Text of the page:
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Title: The ecology, conservation and management of Nile crocodiles Crocodylus niloticus in a human dominated landscape
Author: Aust, Patrick Welby
ISNI:       0000 0004 2682 7831
Awarding Body: Imperial College London
Current Institution: Imperial College London
Date of Award: 2009
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Nile crocodiles were extensively persecuted throughout much of the 20th century. The extinction of the species was only averted by the timely intervention of conservationists and by the beginning of the 21st century most populations had recovered. Many of the conservation measures designed to curb the original extinction threats remain unchanged and are now perceived by some to be outdated. The recovery of Nile crocodile populations has been accompanied by rapid human population growth and demands for freshwater resources. This phenomenon has resulted in a converging conflict crisis between Nile crocodiles and humans. The aim of this thesis is to (a) quantify the extent of human crocodile conflict (HCC) and (b) establish the implications for conservation and development. (a)The extent of HCC was assessed by (i) analysing losses incurred by local communities (ii) analysing the demographics of crocodiles in relation to human activities (iii) analysing the relationship between humans and crocodile prey species. Nile crocodiles pose a substantial threat to subsistence livelihoods whilst rural communities have significant negative impacts on crocodiles (i) Estimates suggest an annual loss of between ~255 and ~6864 cattle per year and damage to an estimated 71500 fishing nets per year in North Eastern Namibia. (ii) All crocodile size classes showed a negative relationship with people at the inter- and intra-river levels. (iii) Crocodile prey species showed a significant negative spatial relationship with cattle. (b) Conservation and management implications were assessed by estimating the spatial patterns of HCC explanatory variables on a continental scale. Protected areas are important for crocodile conservation. The use of crocodile habitat as boundaries for protected areas raises important questions relating to HCC.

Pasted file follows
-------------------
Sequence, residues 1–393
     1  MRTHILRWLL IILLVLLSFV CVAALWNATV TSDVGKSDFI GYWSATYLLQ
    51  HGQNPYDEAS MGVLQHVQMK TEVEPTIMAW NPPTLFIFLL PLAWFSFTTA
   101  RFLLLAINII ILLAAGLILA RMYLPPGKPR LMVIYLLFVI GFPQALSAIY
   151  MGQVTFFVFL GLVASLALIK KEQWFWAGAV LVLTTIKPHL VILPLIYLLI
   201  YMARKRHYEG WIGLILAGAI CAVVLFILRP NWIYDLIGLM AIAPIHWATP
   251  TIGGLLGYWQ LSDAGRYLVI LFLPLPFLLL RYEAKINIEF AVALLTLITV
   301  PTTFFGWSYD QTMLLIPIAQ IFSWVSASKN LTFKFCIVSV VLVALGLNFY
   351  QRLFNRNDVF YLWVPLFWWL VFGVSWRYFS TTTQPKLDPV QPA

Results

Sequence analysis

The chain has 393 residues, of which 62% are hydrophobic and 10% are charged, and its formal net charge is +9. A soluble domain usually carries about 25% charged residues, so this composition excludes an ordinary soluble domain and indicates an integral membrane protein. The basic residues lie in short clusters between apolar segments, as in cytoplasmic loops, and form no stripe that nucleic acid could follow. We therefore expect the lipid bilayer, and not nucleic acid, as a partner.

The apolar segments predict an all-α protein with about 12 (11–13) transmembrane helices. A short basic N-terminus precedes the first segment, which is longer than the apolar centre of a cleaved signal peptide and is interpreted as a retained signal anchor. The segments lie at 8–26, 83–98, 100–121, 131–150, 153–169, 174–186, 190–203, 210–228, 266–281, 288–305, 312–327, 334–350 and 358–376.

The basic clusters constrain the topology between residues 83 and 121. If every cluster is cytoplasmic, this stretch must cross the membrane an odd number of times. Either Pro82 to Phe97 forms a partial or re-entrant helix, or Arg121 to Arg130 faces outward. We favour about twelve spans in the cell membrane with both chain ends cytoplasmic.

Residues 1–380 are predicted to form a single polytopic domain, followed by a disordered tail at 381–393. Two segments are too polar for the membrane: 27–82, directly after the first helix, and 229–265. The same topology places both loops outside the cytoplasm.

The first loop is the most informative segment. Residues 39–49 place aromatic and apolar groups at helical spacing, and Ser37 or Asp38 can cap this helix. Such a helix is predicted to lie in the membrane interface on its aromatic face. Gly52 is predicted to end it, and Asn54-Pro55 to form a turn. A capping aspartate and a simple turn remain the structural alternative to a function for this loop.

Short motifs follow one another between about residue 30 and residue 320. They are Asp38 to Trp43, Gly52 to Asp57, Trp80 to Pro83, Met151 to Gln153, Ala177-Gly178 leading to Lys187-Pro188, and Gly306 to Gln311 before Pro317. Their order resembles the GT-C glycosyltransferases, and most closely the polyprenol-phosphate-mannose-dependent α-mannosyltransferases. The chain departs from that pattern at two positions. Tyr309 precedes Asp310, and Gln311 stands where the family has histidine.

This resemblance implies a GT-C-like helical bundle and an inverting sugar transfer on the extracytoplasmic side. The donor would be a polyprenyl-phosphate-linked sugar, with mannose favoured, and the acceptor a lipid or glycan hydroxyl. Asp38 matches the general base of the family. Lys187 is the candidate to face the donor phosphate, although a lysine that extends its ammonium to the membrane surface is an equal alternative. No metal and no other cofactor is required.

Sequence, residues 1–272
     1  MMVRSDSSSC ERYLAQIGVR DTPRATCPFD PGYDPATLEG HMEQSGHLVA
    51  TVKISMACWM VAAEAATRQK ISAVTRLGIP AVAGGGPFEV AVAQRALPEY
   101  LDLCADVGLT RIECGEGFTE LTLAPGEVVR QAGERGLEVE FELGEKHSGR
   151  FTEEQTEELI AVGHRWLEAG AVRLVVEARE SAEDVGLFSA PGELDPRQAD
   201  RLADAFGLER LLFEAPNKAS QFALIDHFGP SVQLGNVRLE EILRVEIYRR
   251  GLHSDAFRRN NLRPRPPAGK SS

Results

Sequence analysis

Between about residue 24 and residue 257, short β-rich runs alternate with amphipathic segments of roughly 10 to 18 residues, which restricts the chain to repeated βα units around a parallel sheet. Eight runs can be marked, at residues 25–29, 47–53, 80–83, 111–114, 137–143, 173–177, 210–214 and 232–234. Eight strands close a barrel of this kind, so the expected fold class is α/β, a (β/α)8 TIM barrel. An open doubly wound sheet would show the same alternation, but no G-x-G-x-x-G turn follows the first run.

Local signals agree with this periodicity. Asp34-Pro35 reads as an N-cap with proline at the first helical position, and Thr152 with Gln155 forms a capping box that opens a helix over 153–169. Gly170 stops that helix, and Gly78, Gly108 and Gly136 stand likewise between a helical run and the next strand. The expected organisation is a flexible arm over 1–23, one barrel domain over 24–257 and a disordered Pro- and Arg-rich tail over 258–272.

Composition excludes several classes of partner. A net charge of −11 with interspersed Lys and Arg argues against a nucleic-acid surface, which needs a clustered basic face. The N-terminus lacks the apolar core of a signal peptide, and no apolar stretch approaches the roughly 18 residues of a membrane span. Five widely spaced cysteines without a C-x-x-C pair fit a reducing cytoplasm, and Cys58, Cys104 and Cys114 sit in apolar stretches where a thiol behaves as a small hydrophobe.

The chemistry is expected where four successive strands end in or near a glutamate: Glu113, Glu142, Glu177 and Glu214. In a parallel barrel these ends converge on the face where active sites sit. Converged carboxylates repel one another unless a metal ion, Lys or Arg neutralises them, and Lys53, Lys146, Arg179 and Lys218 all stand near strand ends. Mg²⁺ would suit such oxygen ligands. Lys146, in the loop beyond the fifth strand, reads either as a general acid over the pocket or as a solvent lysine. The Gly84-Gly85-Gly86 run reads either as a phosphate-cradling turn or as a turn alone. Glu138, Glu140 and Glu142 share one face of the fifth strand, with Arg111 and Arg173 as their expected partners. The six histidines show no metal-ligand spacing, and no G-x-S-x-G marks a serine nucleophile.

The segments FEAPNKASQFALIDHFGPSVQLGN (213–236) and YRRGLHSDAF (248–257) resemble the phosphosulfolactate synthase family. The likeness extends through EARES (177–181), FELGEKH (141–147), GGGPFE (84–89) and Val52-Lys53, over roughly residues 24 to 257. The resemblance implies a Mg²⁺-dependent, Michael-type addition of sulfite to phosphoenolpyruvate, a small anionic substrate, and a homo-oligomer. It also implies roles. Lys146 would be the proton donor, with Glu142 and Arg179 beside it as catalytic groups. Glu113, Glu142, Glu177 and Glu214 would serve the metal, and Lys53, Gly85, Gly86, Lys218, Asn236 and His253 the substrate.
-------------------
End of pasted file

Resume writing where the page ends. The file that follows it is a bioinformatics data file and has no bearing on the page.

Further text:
Supervisor: Coulson, Tim Sponsor: Beit Trust
Qualification Name: Thesis (Ph.D.) Qualification Level: Doctoral